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Life and Works of Burrhus Frederic Skinner - Research Paper Example

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Frederic Skinner grew up in Susquehanna, Pennsylvania. He was born in March 20, 1904 (Bjork, 2007). As a child, he was dynamic and enjoyed going outdoors. In addition, he also liked academic challenges…
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Life and Works of Burrhus Frederic Skinner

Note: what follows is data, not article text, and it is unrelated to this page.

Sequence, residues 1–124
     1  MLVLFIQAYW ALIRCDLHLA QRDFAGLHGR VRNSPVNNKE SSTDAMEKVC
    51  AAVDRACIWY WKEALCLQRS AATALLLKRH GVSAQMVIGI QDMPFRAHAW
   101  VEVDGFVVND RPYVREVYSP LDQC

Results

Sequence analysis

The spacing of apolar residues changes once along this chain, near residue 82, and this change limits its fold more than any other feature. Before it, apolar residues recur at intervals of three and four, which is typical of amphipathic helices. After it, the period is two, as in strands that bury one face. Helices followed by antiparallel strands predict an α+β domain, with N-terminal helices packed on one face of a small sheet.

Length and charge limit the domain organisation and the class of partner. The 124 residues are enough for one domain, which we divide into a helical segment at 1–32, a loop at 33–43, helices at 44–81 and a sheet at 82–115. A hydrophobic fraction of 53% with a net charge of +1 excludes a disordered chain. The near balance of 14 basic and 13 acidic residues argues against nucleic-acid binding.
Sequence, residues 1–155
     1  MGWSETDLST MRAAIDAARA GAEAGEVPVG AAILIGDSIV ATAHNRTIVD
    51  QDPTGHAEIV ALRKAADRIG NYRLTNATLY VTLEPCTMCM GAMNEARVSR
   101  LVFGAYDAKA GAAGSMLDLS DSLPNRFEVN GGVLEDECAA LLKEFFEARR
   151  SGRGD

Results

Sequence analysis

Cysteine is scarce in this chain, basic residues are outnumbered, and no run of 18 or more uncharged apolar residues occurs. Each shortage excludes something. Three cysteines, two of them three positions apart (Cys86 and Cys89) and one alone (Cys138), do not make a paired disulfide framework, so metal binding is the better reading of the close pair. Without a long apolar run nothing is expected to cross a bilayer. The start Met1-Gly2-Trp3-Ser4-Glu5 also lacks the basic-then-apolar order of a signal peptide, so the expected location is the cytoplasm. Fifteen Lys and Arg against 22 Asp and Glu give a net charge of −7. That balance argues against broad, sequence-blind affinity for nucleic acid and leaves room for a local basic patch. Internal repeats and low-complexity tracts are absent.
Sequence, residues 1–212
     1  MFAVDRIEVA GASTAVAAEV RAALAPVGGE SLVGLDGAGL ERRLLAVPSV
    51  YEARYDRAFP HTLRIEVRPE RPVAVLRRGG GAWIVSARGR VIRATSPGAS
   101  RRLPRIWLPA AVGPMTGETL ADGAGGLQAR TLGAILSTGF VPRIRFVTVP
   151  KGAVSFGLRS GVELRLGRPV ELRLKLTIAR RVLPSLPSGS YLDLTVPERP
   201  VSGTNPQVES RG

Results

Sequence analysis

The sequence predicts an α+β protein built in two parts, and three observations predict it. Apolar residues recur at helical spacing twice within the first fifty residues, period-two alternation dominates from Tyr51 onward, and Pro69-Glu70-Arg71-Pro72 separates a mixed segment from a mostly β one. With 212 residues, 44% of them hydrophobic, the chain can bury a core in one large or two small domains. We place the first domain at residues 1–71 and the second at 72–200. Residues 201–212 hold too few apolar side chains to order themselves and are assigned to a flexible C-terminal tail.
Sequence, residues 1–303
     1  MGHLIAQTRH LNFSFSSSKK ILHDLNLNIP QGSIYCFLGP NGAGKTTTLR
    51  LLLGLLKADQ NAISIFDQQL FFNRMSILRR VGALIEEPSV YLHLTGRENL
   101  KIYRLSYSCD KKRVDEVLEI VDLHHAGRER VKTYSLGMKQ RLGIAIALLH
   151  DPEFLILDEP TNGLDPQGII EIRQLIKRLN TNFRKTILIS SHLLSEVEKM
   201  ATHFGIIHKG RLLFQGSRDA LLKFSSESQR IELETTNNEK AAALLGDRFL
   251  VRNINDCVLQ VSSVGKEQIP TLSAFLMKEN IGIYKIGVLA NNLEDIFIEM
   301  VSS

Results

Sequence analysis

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Download file to see previous pages His father was a lawyer and his mother stayed at home. Perceptibly, he grew up in an intellectual and conventional household. As a youth, he was described to have difficulties in being socially accepted. One unfortunate event that happened in his life is when his brother died due to cerebral hemorrhage. Unlike any other usual adolescent, he did not actually like participating in the usual college social gatherings. Instead, he was more focused on critiquing authorities. He mainly did this through his journalism. Moreover, he proclaimed himself as a person who does not believe in God in spite of the fact that he was studying in a religiously devout school. After finishing his bachelor’s degree in English Literature, he decided that he would be a writer. He then worked for a newspaper in New York. He did not really become actualized in his first career. Skinner got inspired by the works of Ivan Pavlov and James Watson. Afterwards, he went back to school and got his masters and doctorate in psychology at Harvard. He got married with Yvonne Blue in 1936 and they had two daughters. He then worked at Indiana University’s psychology department. In 1948, his career went back to Harvard until his death in 1990. Works Skinner is known as a psychologist, author, educator, and philosopher. He published many books and journals regarding his theories. He devoted much of his life improving his researches. Lots of his experiments centered on measuring responses to various kinds of stimuli. Until his retirement, he worked on analyzing the human behavior. Skinner became famous for the air crib. It was also known as the baby tender. One of his daughters was raised using this invention. The contraption was made to alleviate Yvonne’s difficulties and worries in caring for their baby. It was fashioned with glass panels as well as with air conditioning. The air crib was invented with the aim to promote the general welfare of infants. In 1994, Skinner was inspired to make this invention when he found out that he would have a second child. In fact, the air crib was commercialized and marketed to around 300 families. It was found to be effective in soothing children and in manipulating the temperature especially during extreme weather. Furthermore, he became known for his book, Walden II. It is about a society run by behavioristic rules (Skinner, 1974). His book talks much about his theory which is called operant conditioning. This simply means that a behavior is affected by the response to that certain behavior. For instance, a child would tend to be obedient when his mother gives him candy as a reward. To concretely illustrate this concept, he devised an experiment. He utilized a special cage well-known as a “Skinner Box” (Shultz, 2012). It is otherwise called the operant conditioning box. The container has a lever that makes food pellet come out when pressed. The pellet acted as a reinforcing stimulus. When the rat accidentally pushed the bar and food came out, it repeated its behavior. Since the rat got rewarded for pressing the lever, he repeated the same action with the expectancy of having another positive feedback. After some time, the rat kept on pressing the lever until a number of pellets were piled. However, when no food pellet will come out, the rat will learn that its behavior does not result to a reward. Hence, it will learn to stop pushing the lever. Skinner termed this as extinction. Consequently, the rat’s first behavior will resurface if the reward would be returned. In addition, the schedules of reinforcement affect the learning of behavior. In his many experiments, the time and interval of giving rewards influence the rat’ ...Download file to see next pagesRead More
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